and gut, and a pair of callous and ashen calves and feet I seem
to have earned.
You helped me through a dry summer, fall, winter
and now summer.
Ten months after he died. He and I, all these years,
had never gone to Glacier,
only near it to Flathead or Whitefish, to fireplace lodges
I brought you to the Weeping
where we turned around, because you drove still further
until I threatened fear of heights.
I don’t know how to celebrate 100 years
this high up but you do.
This winding high-up national park with me:
your glasses cocked on your head,
a strange visor of blackish hair,
erect lens outward but modest
two circles looking above my direction
at the field of Beargrass, with its white stalks
and awkward loomed light.
I was unable to get out of the car at Heaven’s Peak,
because the sublime was frightening
but I crawled around the side and peered over, and I knew
I would never use the word Heaven
to describe anything I saw of death, but I saw beauty
in a scrap of its light
I was not afraid
of it taking me with it, the way I had seen him disappear
its extinguishing erasure.
I hold you in Glacier
where I see you clearly.
I will plow the hard-won truth of pitching death
and flinging its burden into spaces.
No treason I feel now (because)
the eros of the natural world lingers in sentience,
flooding with its central question of what (life and death)
I held onto the silver bumper of your car gripping your
because it was your hand and you, too, were
behind frank light and squinting
to see into a camera’s moon,
a lasting present tense
we just gave ourselves over to, lifted to
its blue course: a formal sky of imperturbable
of unambiguous secularity.
We take a simple walk around the car
Copyright © 2016 by Prageeta Sharma. Originally published in Poem-a-Day on November 17, 2016, this poem was commissioned by the Academy of American Poets and funded by a National Endowment for the Arts Imagine Your Parks grant.
why must itself up every of a park
anus stick some quote statue unquote to
prove that a hero equals any jerk
who was afraid to dare to answer "no"?
quote citizens unquote might otherwise
forget(to err is human;to forgive
divine)that if the quote state unquote says
"kill" killing is an act of christian love.
"Nothing" in 1944 AD
"can stand against the argument of mil
itary necessity"(generalissimo e)
and echo answers "there is no appeal
from reason"(freud)—you pays your money and
you doesn't take your choice. Ain't freedom grand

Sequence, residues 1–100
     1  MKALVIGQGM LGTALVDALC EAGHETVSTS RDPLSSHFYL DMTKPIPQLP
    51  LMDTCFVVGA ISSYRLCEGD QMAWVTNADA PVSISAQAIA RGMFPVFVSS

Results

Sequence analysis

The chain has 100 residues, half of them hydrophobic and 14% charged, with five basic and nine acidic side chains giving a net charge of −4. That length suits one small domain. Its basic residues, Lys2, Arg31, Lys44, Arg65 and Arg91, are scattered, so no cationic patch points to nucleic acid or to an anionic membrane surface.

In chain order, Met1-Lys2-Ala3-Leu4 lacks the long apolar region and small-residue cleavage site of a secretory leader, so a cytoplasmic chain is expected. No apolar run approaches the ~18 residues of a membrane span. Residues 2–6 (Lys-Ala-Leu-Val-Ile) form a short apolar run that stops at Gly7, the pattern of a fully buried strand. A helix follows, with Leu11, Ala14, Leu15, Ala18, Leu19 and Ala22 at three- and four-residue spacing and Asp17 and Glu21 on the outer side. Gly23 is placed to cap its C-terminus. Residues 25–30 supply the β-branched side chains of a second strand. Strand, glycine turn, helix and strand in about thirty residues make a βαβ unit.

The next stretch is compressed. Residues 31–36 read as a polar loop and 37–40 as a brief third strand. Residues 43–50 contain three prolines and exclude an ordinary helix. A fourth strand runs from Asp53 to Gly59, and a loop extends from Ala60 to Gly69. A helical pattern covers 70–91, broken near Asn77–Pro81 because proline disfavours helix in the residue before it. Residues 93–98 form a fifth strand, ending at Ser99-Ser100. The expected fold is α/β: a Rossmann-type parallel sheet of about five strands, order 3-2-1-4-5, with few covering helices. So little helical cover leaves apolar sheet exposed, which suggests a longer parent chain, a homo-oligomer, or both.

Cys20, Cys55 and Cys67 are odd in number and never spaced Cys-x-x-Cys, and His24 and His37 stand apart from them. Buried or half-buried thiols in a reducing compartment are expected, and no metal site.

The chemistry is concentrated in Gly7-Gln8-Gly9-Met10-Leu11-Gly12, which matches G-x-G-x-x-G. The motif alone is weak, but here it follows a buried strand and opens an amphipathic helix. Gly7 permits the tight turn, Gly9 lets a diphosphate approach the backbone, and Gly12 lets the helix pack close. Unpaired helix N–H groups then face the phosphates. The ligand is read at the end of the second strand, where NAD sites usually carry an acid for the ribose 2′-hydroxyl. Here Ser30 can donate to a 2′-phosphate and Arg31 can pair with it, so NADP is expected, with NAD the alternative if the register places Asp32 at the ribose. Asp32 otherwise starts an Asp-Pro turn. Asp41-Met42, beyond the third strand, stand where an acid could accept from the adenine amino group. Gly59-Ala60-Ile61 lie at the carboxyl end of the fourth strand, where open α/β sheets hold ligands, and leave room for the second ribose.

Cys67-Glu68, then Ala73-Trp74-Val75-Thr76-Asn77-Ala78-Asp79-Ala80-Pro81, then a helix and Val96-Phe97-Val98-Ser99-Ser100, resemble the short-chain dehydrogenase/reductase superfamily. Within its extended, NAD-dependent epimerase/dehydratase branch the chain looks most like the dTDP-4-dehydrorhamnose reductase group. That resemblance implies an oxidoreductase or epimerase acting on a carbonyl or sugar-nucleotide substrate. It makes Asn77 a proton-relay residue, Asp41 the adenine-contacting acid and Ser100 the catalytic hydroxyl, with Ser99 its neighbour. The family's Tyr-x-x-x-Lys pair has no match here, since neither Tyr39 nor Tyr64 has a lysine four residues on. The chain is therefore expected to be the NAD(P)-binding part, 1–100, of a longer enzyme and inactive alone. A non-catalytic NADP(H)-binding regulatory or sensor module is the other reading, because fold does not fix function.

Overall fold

From Complete Poems: 1904-1962 by E. E. Cummings, edited by George J. Firmage. Used with the permission of Liveright Publishing Corporation. Copyright © 1923, 1931, 1935, 1940, 1951, 1959, 1963, 1968, 1991 by the Trustees for the E. E. Cummings Trust. Copyright © 1976, 1978, 1979 by George James Firmage.
Big Bend has been here, been here. Shouldn’t it have a say?
Call the mountains a wall if you must, (the river has never been a wall),
leavened air soaking equally into all, could this be the home
we ache for? Silent light bathing cliff faces, dunes altering
in darkness, stones speaking low to one another, border secrets,
notes so rooted you may never be lonely the same ways again.
Big bend in thinking—why did you dream you needed so much?
Water, one small pack. Once I lay on my back on a concrete table
the whole day and read a book. A whole book, and it was long.
The day I continue to feast on.
Stones sifting a gospel of patience and dust,
no one exalted beyond a perfect parched cliff,
no one waiting for anything you do or don’t do.
Santa Elena, South Rim, once a woman knew what everything here
was named for, Hallie Stillwell brimming with stories,
her hat still snaps in the wind. You will not find
a prime minister in Big Bend, a president, or even a candidate,
beyond the lion, the javelina, the eagle lighting on its nest.
Copyright © 2016 by Naomi Shihab Nye. Originally published in Poem-a-Day on October 17, 2016, this poem was commissioned by the Academy of American Poets and funded by a National Endowment for the Arts Imagine Your Parks grant.
The Chinese truck driver
throws the rope
like a lasso, with a practiced flick,
over the load:
where it hovers an instant,
then arcs like a willow
into the waiting,
of his brother.
What does it matter
that, sitting in traffic,
I glanced out the window
and found them that way?
So lean and sleek-muscled
in their sweat-stiffened t-shirts:
offloading the pallets
just so they can load up
again in the morning,
and so on,
and so forth
forever like that—
I might tell them
if I spoke Mandarin,
or had a Marlboro to offer,
or thought for a minute
they’d believe it
when I say that I know
how it feels
to break your own
back for a living.
what’s the difference?
When every light
for a mile turns
green all at once,
no matter how much
I might like
to keep watching
the older one squint
and blow smoke
through his nose?
Something like sadness,
like joy, like a sudden
love for my life,
and for the body
in which I have lived it,
overtaking me all at once,
as a bus driver honks
and the setting
sun glints, so bright
off a windshield
I wince and look back
and it’s gone.
Copyright © 2015 by Patrick Phillips. Used with permission of the author.
Ed Trafton turns from the shimmering water
of Shoshone Lake to the first of fifteen tourist coaches,
pulls the black silk neckerchief up the bridge of his nose,
plants himself in the road and says, “Please step out